As it turned out, last night found me at dinner again with Jane, her husband Phil, and R (somebody from Cincinnati). We took the advice of their Rick Steves guidebook, and searched out a place called St Pauls Stube. It took some looking to find, after which we had to climb a stairway and go through an unmarked door. Upon entering, we were in a cramped, poorly lit dining hall that clearly attracted a lot of locals. Due to the absence of seats in the main building, we sat at picnic tables outside.
I started with beer, this time a dark wheat beer that I could really sink my teeth into. On a side note, I’ve been drinking beer with dinner the last few nights, because that has seemed to more closely fit the atmosphere of the restaurant. It seems wrong somehow to go to a bierhaus or tavern and order wine. I will eventually turn again to the local Rieslings and Gruners, but so far it has been a good decision and last night certainly didn’t disappoint.
Dinner was the tafelspitz. This is an Austrian specialty of boiled meat (beef) that is said to “reflect the soul of the empire.” Boiled meat alone would be boring, and I certainly wouldn’t want my life summed up as such. Fortunately, it was accompanied by browned root vegetables, spinach, sour cream, and a generous shaving of horseradish. A note on the latter …. I was not aware it was such when I dove in with a big mouthful, and suspect my sinuses will be open for at least the next few days.
After the main course we had topfenknödel. These are deep fried balls of mildly sweet cheese served with fruit. In this case applesauce and raspberry. A-ha! This is also what I had for dessert at Carpe Diem. We all really enjoyed it. The cheese has just a touch of sweetness, and it’s dry rather than gooey. Given the ongoing theme of remarkably heavy dumplings, one would think these would be lethally heavy, but they aren’t. Rather they are surprisingly light. These Austrians are full of surprises.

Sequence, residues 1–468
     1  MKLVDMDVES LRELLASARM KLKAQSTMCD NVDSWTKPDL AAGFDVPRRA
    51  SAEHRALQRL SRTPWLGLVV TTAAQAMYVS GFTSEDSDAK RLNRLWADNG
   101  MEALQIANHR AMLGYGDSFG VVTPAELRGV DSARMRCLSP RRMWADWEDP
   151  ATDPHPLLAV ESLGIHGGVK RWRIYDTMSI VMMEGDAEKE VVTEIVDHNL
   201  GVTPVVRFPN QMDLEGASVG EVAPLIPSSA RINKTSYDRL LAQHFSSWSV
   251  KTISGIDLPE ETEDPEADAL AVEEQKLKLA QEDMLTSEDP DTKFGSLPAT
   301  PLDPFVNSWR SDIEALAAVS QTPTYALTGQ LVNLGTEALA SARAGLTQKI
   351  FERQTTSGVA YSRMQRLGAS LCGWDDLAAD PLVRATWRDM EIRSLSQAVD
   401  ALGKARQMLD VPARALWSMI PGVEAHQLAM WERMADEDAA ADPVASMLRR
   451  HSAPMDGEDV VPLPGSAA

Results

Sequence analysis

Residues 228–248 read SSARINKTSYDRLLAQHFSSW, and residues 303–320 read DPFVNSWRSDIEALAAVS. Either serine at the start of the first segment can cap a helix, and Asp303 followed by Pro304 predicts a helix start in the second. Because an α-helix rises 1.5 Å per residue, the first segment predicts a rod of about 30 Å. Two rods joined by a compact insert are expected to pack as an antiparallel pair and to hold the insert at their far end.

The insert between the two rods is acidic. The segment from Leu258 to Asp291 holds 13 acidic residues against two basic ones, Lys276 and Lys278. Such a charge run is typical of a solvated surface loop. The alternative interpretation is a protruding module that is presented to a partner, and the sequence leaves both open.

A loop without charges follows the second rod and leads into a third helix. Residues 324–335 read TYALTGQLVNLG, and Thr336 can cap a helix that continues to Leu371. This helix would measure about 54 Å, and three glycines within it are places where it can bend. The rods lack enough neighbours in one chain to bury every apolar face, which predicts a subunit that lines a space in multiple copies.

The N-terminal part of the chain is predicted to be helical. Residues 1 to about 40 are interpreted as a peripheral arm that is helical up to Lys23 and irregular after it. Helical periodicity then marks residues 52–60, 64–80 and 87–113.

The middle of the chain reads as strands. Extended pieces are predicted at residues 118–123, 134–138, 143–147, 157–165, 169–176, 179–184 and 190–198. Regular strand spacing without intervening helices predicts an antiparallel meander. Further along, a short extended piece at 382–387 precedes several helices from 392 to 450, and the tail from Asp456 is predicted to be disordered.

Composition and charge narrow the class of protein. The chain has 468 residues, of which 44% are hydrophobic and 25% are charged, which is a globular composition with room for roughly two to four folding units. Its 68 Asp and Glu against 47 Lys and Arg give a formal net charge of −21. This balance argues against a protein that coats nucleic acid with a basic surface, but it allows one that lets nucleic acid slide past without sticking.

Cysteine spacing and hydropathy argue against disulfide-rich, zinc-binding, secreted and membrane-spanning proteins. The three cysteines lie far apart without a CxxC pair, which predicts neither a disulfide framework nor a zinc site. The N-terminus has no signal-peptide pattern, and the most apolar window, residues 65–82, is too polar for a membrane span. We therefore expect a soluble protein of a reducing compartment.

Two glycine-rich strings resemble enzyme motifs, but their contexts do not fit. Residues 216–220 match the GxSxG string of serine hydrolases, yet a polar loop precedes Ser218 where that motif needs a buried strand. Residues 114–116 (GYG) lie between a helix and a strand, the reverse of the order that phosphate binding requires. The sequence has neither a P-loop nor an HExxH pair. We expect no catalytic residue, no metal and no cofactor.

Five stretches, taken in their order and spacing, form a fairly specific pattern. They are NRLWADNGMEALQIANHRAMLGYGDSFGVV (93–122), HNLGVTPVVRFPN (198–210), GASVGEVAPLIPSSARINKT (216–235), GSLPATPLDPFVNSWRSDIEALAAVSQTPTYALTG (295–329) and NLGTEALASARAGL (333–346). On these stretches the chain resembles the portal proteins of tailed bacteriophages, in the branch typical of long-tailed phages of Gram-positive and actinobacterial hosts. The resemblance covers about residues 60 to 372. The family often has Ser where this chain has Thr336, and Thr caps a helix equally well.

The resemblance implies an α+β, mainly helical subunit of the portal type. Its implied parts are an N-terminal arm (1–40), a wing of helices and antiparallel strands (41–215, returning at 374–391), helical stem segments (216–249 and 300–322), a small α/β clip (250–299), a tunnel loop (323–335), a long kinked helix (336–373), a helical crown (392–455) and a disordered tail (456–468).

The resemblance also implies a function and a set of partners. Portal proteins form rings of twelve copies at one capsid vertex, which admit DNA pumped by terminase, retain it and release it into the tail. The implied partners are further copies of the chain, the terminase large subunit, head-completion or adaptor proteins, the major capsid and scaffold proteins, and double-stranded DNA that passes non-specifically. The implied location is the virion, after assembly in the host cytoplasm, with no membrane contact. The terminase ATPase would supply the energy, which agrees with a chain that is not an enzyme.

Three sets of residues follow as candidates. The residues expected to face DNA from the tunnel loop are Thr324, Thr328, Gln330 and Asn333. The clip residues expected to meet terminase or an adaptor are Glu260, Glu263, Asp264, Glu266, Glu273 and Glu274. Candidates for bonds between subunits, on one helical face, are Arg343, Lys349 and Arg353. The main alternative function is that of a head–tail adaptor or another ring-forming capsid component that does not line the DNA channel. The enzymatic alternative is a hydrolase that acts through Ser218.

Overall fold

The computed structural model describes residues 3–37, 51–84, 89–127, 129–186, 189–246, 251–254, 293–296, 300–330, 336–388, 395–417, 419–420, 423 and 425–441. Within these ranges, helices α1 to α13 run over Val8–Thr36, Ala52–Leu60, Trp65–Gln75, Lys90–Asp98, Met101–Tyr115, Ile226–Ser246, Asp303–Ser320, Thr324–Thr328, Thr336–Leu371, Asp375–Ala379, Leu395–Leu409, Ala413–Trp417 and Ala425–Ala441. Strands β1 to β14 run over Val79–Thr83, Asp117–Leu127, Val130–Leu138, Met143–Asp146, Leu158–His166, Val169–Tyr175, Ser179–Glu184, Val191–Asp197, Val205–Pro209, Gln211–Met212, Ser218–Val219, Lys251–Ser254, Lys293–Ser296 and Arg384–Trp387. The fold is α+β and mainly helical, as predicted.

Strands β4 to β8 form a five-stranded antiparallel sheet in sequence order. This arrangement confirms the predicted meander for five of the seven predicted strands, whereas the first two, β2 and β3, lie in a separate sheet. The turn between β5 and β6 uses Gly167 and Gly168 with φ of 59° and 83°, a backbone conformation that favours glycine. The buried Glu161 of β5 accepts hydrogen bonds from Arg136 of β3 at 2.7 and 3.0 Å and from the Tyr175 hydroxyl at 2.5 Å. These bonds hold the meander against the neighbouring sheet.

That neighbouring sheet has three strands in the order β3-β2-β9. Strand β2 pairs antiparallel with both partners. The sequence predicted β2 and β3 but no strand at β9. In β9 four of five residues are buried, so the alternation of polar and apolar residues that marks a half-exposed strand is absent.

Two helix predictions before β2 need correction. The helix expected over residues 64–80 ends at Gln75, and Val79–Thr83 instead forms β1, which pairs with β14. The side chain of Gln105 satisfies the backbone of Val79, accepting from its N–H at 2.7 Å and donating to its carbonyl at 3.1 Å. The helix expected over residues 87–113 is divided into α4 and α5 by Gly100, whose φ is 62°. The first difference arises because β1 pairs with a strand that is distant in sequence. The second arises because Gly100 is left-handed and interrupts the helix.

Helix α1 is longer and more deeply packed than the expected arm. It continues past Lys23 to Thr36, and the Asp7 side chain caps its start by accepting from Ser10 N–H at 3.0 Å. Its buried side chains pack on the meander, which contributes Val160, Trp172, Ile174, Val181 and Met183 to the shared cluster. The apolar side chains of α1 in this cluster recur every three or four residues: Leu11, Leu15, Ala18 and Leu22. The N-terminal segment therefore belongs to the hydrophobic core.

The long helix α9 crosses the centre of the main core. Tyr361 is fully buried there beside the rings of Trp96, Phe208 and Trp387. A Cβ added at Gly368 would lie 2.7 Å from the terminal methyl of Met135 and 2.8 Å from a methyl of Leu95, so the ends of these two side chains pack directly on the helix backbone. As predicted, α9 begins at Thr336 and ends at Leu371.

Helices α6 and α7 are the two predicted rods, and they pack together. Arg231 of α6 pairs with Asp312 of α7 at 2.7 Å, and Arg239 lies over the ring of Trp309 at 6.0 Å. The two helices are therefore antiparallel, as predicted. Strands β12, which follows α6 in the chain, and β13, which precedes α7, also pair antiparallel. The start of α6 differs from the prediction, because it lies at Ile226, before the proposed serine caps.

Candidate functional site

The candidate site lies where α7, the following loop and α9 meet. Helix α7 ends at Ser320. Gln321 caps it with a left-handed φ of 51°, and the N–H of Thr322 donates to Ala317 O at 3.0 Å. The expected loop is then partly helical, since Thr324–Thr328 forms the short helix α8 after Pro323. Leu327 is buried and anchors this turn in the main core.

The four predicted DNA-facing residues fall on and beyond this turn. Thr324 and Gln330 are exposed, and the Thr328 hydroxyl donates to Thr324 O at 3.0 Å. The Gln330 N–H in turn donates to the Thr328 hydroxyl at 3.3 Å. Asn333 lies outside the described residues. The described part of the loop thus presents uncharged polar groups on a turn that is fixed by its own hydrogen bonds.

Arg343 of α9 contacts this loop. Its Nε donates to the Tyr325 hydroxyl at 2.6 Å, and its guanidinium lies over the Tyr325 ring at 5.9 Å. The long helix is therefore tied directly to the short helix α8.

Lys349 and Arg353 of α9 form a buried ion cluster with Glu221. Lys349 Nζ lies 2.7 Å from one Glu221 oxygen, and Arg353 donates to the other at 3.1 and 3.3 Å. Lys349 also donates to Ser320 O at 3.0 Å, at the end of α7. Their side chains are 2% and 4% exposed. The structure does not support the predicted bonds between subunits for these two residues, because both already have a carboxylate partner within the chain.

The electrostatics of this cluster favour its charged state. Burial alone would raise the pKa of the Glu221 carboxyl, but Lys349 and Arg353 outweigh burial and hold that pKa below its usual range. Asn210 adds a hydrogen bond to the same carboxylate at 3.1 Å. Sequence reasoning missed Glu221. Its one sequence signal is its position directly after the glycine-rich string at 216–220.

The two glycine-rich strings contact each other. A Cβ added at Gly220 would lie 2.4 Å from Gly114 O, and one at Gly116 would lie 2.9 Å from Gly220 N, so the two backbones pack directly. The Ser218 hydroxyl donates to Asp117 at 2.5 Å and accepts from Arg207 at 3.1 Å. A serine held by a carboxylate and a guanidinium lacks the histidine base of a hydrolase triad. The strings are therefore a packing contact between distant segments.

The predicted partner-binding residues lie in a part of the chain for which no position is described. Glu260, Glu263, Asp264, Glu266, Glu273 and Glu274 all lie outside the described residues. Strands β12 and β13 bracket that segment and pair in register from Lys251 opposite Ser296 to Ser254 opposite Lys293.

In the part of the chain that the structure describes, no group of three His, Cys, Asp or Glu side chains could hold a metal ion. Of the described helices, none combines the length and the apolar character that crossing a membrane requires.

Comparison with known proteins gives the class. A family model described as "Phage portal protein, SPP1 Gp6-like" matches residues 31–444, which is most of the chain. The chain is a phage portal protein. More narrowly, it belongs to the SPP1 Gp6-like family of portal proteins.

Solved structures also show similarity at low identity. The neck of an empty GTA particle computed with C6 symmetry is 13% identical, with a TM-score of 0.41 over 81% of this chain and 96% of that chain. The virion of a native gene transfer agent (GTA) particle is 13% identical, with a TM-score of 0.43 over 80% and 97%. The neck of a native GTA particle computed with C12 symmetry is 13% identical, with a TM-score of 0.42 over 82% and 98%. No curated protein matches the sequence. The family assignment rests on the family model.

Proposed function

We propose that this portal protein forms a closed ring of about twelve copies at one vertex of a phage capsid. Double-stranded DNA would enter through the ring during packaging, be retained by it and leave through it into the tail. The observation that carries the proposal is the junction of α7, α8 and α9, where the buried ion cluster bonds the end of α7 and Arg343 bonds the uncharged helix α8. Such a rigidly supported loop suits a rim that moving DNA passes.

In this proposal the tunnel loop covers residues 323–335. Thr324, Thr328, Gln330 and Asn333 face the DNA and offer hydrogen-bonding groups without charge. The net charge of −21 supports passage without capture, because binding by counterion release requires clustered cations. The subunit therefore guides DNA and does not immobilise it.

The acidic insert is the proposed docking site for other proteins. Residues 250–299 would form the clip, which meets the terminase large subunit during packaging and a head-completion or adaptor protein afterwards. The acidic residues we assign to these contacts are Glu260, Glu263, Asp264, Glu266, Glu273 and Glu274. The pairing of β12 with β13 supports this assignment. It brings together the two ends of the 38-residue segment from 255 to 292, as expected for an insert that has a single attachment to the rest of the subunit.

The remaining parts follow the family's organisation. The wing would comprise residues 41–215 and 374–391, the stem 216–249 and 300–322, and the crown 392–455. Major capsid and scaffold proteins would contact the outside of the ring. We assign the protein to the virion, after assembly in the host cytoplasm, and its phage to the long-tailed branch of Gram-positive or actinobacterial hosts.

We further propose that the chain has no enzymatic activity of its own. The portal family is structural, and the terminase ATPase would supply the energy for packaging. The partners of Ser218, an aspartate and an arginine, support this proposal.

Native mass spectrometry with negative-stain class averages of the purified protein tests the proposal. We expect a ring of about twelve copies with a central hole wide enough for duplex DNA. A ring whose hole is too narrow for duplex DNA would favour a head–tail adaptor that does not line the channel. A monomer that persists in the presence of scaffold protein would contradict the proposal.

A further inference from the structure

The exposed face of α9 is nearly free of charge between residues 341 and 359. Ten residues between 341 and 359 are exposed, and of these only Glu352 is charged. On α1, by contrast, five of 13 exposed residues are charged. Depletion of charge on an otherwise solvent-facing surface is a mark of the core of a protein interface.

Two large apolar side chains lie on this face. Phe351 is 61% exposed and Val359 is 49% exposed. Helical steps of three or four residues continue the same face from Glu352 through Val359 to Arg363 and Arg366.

On the side of this dish was a little berry that looked like one of the “Chinese lanterns” mom pulled out of the yard years ago. She had always claimed the berries were poisonous, but I’ve recently learned that they aren’t. These berries are members of the gooseberry and tomatillo family. I couldn’t wait to try it …. And wow, I won’t do that again! It started with a tart cherry-like sweetness that was really nice, then deteriorated to an incredible unquenchable bitterness. Disastrous! As I think about it now, maybe I did something wrong and bit into a seed or something. Perhaps I should try one more time….
On our way out of the restaurant, we passed through the main hall, which was now full of raucous people singing wholeheartedly in German. Clearly we had chosen wisely, and I hope I am able to continue to do so going forward.
March 13, 2021
I don’t remember who R was. I think she was a friend of Jane and Phil. My writing in some of these early blogs isn’t yet mature. It eventually gets better, but at least there are some things here that make me laugh.